Monday, February 23, 2009

Hope. Change. Intimidation.

The New York Post did exactly what an American newspaper is supposed to do – expressed an editorial opinion on a government action. Had this been any previous administration, that would be all in a day's work.

But this is the age of Hope and Change, and if you don't believe it, there's a mob of brownshirts outside waiting to take set you straight.

The NAACP is calling for a boycott of the paper until the editor and cartoonist are fired. That's their prerogative in a free country. Peurile and petty, but hardly un-American. But now the Reverend Crybaby is crossing the line and demanding government retribution against the paper.
he Rev. Al Sharpton yesterday ramped up his protest against the New York Post's decision to print a cartoon that has been criticized as depicting President Barack Obama as a monkey. His comments came a day after the leader of the NAACP called for the firing of both the paper's cartoonist and editor.

Sharpton, with City Council member Letitia James (D-Brooklyn), spoke to reporters in front of radio station KISS-FM headquarters in lower Manhattan, where they called for the City Council to review the Post's employment records because they questioned whether the newsroom staff represents the city's diversity.

But they shied away from NAACP president Benjamin Todd Jealous' call for the ouster of cartoonist Sean Delonas and editor-in-chief Col Allan. "Yes, the cartoonist ought to be dealt with, and the editor," said Sharpton. But he said "just firing them and not dealing with the overall problems of who's in the newsroom" doesn't address what he termed the "unfair setup" of staffing.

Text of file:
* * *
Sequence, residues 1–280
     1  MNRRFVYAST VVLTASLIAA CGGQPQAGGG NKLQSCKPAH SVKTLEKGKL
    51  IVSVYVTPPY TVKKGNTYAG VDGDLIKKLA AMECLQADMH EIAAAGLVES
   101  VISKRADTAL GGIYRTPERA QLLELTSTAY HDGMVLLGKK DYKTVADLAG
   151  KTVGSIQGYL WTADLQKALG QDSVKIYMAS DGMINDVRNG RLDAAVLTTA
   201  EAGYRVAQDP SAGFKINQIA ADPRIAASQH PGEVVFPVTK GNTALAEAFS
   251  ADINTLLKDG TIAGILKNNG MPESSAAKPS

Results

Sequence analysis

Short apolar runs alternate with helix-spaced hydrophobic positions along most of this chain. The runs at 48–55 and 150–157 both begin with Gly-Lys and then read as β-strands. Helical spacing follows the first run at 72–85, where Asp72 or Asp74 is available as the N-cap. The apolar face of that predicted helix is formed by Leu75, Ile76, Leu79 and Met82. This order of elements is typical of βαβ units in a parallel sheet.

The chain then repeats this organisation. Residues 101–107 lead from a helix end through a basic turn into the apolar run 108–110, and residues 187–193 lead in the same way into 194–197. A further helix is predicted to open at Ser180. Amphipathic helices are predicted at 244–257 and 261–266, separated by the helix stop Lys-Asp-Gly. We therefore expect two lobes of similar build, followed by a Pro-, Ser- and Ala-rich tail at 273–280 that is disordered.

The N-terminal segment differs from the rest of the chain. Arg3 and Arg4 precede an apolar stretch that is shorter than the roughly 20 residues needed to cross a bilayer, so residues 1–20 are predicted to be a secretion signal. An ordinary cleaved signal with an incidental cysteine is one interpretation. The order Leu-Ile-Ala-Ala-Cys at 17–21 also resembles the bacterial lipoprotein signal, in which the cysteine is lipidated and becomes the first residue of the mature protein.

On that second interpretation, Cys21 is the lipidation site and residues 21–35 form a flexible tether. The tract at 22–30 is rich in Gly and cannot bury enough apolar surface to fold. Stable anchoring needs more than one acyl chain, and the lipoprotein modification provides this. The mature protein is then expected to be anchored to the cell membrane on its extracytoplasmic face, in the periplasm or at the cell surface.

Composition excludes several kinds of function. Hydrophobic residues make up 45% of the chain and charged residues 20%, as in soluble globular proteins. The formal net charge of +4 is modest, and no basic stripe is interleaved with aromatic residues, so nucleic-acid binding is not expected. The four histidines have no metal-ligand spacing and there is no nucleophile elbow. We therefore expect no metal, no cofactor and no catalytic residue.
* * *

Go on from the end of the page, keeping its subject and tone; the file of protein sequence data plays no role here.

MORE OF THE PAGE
Sharpton also said he was starting an online petition drive to collect signatures in an effort to force the Federal Communications Commission to remove the waiver that allows the Post's parent company, News Corp., to run more than one media outlet in the area. "This is not the first time they have denigrated people of color," said James. "Now is the time to do it."

Jealous, speaking at the NAACP's annual meeting Saturday, said the cartoon was "an invitation of assassination" because the monkey - depicted as shot dead by police with the words "They'll have to find someone else to write the next stimulus bill" - could be construed as being Obama.

Forget for a moment that the cartoon had nothing to do with Obama. Forget that we've been regaled ad nauseum with actual chimp/president juxtapositions for the past eight years. Forget the actual calls for assassination that the NAACP and Reverend Loudmouth were perfectly copacetic with. Let's suppose the chimp really was meant to represent Obama.

Is this going to be the fate of any media outlet that takes a less-than-adoring stance on The One's policies? Their licenses to print (or broadcast, or blog) will be contingent on their unquestioning approval of the current administration? This is (or was) America, where reinforced-recessive mouth-breathers like the Ku Klux Klan and the Southern Poverty Law Center are free to speak their puny little minds. At least for now. Whether that will still extend to both sides of the aisle in a few years is apparently up in the air.

The president Himself, I notice, hasn't actually said anything about the cartoon. (At least not that I've heard.) But that's irrelevant. His followers, the same ones that intimidated white voters and vandalized houses with McCain signs, are rising up to silence any dissenters on his behalf. As much as I respect Godwin's Law, I can't escape the resemblance, especially in light of the attempts to reinstate the Fairness Doctrine and Obama's comments about Rush Limbaugh and Fox News. Combining government retaliation with brownshirt tactics has an ominous ring to it.

Oh, and perhaps it's time for Letitia James to step down, in light of her use of a racially offensive term above. Bigot.

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